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Malware Analysis

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  1. Malware Analysis Training

    Reverse engineering has evolved from a "dark art" traditionally restricted to the elite few, to a learnable methodology using public and commercial tools. Vulnerability researchers utilize the art to go beyond the reachable depth of traditional fuzzer technology and locate the more obscure finds. Because of advancements in today's malicious code, analysts can no longer rely solely on live-analysis techniques for mapping the internal workings of malware. In general, more and more researchers are finding the need to peek "under the hood". This class is meant to impart cutting-edge understanding of malicious code analysis upon attendees, ultimately taking them to an advanced level of reverse engineering skills applicable to other security domains.
    What You Will Learn
    This course was designed for students who have an introductory / basic understanding of x86 assembly and reverse engineering as well as more advanced students wishing to refresh their skills and learn new approaches to familiar problems. The course will cover the basics of x86 assembly and pattern recognition, Windows process memory layout, tools of the trade (such as IDA Pro and OllyDbg), the PE file format and basic exploitation methodologies abused by worms to penetrate a target system (stack/heap overflows). As this course is focused on malicious code analysis, students will be given real-world virus samples to reverse engineer. The details of executable packing, obfuscation methods, anti-debugging and anti-disassembling will be revealed and re-enforced with hands-on exercises.
    Toward the end of the course more advanced reverse engineering techniques with applications to malicious code analysis will be taught—including:
    Various approaches to automation Malware classification Applications of binary matching/diffing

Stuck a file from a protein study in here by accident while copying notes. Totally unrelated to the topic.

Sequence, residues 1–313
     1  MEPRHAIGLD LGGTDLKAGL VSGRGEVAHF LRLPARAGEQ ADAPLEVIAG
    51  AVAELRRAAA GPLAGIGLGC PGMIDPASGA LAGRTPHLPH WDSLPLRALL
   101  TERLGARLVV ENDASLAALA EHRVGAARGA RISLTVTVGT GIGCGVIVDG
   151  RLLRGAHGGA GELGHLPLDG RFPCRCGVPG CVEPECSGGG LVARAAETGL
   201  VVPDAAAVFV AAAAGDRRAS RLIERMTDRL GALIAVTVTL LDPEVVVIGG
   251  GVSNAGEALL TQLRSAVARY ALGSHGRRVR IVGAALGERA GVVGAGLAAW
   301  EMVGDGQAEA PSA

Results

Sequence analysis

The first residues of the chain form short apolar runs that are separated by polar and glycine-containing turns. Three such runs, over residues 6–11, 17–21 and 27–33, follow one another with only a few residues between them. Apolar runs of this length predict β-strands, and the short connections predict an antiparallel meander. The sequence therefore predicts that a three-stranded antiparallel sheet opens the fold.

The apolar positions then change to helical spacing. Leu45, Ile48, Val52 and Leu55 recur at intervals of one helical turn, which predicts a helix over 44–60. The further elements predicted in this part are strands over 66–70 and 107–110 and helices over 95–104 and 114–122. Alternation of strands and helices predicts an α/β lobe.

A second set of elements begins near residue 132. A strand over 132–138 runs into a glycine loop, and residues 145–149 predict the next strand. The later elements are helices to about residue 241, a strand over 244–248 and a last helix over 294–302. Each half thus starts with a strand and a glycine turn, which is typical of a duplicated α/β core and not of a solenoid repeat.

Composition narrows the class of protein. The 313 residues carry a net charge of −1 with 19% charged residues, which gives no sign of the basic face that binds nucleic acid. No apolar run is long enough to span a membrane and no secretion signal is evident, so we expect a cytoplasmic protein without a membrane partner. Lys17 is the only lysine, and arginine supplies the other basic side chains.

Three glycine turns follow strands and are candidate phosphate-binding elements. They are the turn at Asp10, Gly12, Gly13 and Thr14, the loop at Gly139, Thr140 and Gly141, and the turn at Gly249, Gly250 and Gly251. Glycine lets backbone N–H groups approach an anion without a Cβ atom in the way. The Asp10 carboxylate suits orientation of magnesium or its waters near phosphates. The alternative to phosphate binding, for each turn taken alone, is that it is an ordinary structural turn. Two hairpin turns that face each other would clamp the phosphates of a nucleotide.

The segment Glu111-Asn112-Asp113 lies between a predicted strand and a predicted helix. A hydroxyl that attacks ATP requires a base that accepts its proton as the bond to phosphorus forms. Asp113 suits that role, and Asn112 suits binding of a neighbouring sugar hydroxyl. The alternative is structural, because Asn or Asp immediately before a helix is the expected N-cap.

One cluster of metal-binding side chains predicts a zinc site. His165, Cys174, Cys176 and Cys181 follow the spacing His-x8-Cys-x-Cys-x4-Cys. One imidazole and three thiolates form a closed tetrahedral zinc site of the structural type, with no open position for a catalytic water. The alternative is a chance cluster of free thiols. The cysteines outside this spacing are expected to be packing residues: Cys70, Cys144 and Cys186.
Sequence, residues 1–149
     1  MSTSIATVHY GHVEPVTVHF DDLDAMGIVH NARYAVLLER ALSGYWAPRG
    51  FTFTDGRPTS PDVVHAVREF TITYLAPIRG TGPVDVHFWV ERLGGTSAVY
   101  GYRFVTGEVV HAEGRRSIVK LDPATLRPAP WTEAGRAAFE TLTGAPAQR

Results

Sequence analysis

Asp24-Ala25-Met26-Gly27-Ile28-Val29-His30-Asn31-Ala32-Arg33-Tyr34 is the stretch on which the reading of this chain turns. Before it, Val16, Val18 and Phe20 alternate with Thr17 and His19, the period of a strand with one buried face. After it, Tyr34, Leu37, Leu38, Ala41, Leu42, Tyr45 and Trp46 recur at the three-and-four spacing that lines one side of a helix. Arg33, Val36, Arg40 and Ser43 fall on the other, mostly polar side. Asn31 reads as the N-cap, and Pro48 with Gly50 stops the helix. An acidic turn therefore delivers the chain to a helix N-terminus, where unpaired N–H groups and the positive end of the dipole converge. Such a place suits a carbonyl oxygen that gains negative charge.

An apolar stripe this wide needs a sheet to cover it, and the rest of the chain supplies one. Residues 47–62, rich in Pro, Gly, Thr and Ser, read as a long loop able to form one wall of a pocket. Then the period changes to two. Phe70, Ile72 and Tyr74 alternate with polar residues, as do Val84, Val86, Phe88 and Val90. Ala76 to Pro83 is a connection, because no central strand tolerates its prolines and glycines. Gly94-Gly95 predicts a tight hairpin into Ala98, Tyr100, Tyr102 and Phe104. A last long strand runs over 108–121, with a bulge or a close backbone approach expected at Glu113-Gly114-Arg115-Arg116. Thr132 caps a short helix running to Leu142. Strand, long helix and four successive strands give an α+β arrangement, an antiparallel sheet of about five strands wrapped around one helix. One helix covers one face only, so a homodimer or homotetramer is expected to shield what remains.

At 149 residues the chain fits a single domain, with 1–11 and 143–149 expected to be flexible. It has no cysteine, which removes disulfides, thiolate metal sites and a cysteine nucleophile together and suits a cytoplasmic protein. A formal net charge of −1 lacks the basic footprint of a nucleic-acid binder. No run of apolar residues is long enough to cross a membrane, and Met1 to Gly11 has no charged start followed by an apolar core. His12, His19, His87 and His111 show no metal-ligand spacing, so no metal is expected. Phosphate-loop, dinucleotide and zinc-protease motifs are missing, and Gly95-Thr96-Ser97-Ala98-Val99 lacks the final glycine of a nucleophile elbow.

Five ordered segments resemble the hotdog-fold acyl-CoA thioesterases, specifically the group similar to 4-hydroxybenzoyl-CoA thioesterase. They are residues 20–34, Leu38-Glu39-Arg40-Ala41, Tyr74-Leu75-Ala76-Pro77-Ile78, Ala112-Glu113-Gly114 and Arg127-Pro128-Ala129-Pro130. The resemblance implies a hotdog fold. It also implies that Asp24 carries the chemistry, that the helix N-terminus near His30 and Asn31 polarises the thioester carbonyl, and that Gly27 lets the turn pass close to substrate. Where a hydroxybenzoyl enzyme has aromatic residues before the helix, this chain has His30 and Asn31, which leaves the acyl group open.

86 downloads

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  2. Portable Document Format Malware

    Approximately two years ago a vulnerability in Adobe Reader's JavaScript API was discovered, and malware authors continue to produce malicious PDF files that exploit this flaw. This vulnerability has been patched, though a number of other vulnerabilities have been found and used in active exploits before being patched themselves.

    There are numerous reasons why malware authors might use vulnerabilities in Adobe Reader and Acrobat as an attack vector. First, the PDF format is widely used throughout the world for sharing documents, and Adobe Reader is the most popular PDF viewer; many OEMs ship PCs with the software preinstalled. Second, the PDF file format specification and the properties of the viewer allow malware authors a significant degree of freedom when designing and developing a threat. Third, the nature of the PDF format provides malware authors with some useful tricks that help to avoid detection by AV scanners, and the support for JavaScript further extends this capability. Obfuscation, encryption, and misdirection are techniques often employed in a similar manner to how they may be seen in HTML and other environments that support JavaScript.

    This paper aims to detail the different paths malware authors have taken and point out how attack techniques via PDF have evolved. It is hoped that it will aid AV vendors and PC users alike in better understanding the problems posed by malicious PDFs, as well as the importance of staying up-to-date with patches.

    32 downloads

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    Updated

  3. Swimming Into Hostile Code

    Trojan-GameThief.Win32.Magania, according to Kaspersky naming convention, monitors the user activities trying to obtain valuable information from the affected user, especially about gaming login accounts. From a functional point of view you can check this post also:

    http://evilcodecave.blogspot.com/2009/08/how-fastly-bypass-hostile-code-for.html
    Where you can find also files and registry entries to Remove Megania.

    In this paper we will analyse more deeply the structure of this malware, especially the polymorphic part that represents a typical sample of hostile code.

    21 downloads

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  4. System-Centric CUDA Threat Modeling with CUBAR

    Heterogeneous computing has definitely arrived, and graphics processing units (GPUs) in the millions are employed worldwide. History has shown newly programmable domains to be rapidly subjected (and often found vulnerable) to attacks of the past. We enumerate a system-centric threat model using Microsoft's STRIDE process [23]. We then describe an active general purpose programming system, NVIDIA's Compute Unified Device Architecture (CUDA) 1, and explore the threat space. We derive and describe previously-undisclosed memory protection and translation processes in CUDA, successfully mount several attacks on the CUDA system, and identify numerous directions for future work. Our CUBAR suite of tools, especially cudash (the CUDA Shell), form a solid platform for research to come.

    15 downloads

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  5. The Case of Trojan Downloader "TDL3TDL3"